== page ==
I scanned the column of green numbers on the July page of the tide book: Sunday the 13th, 9:52AM, -5.4 feet
-5.4! A number for boots skating through a knee-deep tangle of kelp blades. For rocks so covered in life that there’s not an inch of rock left on them. For all that scuttling color and slimy blobbyness.
I know of course, that intertidal creatures are my own addiction. They’ve had a special place in my heart since 10th grade marine science class, where I memorized their scientific names from a thick stack of hand-illustrated 3×5 notecards. Strongylocentrotus drobachiensis. Tonicella lineata. Pisaster ocraceous. Hemigrapsus nudus. A few still pop to mind, nearly twenty years later–are still relevant even, 1500 miles away along the same convoluted Pacific coast.
But I can say I do it for the kids. I gulped a few hot sips from my thermos bottle of coffee then hooked it over a finger that held a shovel, on an arm that held an empty bucket, and held Lituya’s hand as we slithered our boots carefully over the ropes and sheets of seaweed that draped the cobbles, in the ankle-deep water pouring out through the spit, to a sand flat just barely beginning to be revealed.
Drinking coffee while low-tiding is basically the point of this whole new-found tradition of camping out around every full moon. In the half of the year that stretches between the spring and fall equinoxes, the lowest tides of the month are always paired with the full moon, and are always, in my neck of the woods, somewhere around 9 or 10 in the morning. I’ve drawn misshapen circles and squiggly orbit lines on the white board, and never quite managed to explain quite why it works out that way. But I know when to head to the sea.
Leave all our heaps of clothes and sleeping bags in the tent and we can stroll down the beach to beat the morning’s tide by an hour, easy. And that’s even after a breakfast of squashed peanut butter sandwiches and a fight with the five year old over whether he had to wear his rainpants (he won).
“An anemone!” Lituya squealed. “Can I touch it!”
“Yes, of course.”
“Look! It’s circle got smaller! Why is it scared of me?”
I stopped my hurried splash past all the commonest things–the true stars and burrowing anemones and hairy tritons–to crouch down with her, feeling the tacky pull of tentacles and tube feet, running our fingers over the sandy worm cases on the cobbles and their little tubes poking out of the flats. Gooey, sandy, slimy, sharp, rough, hairy, sticky, spongy, slippery, wiggly, spiny, soft, and wet… Low tide is for touching.
Low tide has a sound. A hissing squealing whistling popping–of water disappearing, of barnacles closing, of limpets and snails suctioning their moist bodies down against the rocks. Katmai and I watched finger-length fish dart by dressed in kelpy red-brown and sand-speckled gray. Then a small giant octopus streaked past our feet like a dark red rocket, crawling when the water got too shallow. We caught it for a moment in our white bucket, watching it turn paler and paler as if trying to become the bucket itself. Then we let it go.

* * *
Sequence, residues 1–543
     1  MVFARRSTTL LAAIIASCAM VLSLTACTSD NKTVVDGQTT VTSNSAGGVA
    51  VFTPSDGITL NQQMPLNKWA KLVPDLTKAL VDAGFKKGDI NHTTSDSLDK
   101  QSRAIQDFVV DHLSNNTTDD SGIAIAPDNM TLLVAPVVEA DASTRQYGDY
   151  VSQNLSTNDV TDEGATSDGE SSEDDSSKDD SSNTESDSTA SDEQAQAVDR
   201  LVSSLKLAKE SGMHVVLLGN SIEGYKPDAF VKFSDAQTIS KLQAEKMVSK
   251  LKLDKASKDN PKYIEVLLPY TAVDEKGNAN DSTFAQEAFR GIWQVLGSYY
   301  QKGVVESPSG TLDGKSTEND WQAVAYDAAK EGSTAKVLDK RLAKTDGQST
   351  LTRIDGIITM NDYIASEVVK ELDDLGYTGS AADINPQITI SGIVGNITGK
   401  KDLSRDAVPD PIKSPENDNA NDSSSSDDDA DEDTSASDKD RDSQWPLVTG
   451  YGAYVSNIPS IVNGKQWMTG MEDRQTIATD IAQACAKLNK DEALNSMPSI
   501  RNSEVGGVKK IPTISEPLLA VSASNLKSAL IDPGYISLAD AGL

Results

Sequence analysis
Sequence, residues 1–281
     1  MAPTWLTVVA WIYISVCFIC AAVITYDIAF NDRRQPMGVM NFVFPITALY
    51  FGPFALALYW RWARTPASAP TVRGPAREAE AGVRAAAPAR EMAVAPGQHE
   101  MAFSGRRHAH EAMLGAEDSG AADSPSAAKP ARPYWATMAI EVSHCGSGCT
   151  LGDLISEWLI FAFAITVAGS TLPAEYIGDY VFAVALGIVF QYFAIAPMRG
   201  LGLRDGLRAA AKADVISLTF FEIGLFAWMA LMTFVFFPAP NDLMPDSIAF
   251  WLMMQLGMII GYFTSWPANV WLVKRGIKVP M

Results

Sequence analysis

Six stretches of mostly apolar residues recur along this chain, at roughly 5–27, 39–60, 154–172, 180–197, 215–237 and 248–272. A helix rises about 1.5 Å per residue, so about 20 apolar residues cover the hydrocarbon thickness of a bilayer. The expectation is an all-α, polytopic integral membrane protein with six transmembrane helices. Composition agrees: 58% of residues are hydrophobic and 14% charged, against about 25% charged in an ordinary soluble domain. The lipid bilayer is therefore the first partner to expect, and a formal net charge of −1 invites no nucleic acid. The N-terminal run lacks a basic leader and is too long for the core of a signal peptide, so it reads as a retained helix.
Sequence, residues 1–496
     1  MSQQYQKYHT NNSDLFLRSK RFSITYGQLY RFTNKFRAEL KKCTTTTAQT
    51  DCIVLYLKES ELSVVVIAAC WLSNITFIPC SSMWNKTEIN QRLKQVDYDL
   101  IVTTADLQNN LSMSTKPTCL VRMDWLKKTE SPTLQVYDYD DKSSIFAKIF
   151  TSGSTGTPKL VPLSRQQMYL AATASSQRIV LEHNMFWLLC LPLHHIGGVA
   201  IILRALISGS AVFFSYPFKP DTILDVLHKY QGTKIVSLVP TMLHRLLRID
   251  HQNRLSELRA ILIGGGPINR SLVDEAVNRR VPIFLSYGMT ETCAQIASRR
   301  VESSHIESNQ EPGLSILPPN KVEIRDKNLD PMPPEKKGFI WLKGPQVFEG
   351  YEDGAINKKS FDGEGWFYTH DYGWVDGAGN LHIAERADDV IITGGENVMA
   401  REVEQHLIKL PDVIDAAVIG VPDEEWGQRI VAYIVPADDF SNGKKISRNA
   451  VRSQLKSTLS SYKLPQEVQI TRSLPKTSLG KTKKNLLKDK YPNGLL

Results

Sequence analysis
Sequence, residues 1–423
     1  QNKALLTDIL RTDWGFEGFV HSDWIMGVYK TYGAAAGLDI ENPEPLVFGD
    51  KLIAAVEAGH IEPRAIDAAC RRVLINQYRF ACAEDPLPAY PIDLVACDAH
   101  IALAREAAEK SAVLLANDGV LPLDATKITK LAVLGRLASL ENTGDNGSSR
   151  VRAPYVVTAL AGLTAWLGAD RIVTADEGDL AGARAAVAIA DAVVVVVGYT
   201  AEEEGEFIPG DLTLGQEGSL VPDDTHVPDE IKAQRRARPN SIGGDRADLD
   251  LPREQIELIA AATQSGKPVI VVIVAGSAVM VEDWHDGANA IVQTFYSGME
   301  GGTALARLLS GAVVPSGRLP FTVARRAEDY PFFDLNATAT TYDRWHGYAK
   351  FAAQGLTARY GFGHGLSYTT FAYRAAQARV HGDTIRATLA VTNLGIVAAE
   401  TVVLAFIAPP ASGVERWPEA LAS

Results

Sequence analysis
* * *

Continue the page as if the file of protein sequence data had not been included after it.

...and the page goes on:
We let them all go. The octopus, the dime-sized sea urchins, the flapping gunnel fish and gliding nudibranchs and the seven common kinds of crabs we know.
Low-tiding isn’t a useful obsession, as I like to claim for the dozens of gallons of berries I pick, or the buckets and bowls full of salad from the garden. We came back this time with a heap of nori to dry for snacks. Sometimes with clams. More often with pictures, or nothing at all.
I’ve forgotten most of those latin names. I don’t know as much about each creature as a naturalist. I can’t catch a gunnel fish like a Seldovia child.
But I love the lowest tides. A treasure hunt for the colorful, slimy, and strange–for all the things that hide beneath the rocks and scuttle into damp dark crevices. Even the abbreviated nature of it–a mesmerizing exploration of a few square feet, followed by a mad scrambling dash when the water rises to the tops of my XtraTufs and chases me up the beach almost before I know it’s coming (and maybe over the tops, if I’ve left myself out on a sand flat). The letting-go ritual, where the kids sit near the water’s edge, with the water lapping at their cuffs and boots and they don’t even notice, reaching into the bucket and throwing everything back. We can see this much of the sea for only a few hours a month–precious and special in its rarity.
When the sunflower stars glide around my feet, first curling and uncurling one arm, then another, their delicate tube feet tapping the seaweed in a rapid searching crawl–it’s like watching my children playing together when they don’t know I’m peeking. A glimpse into the magic of a world that doesn’t include me.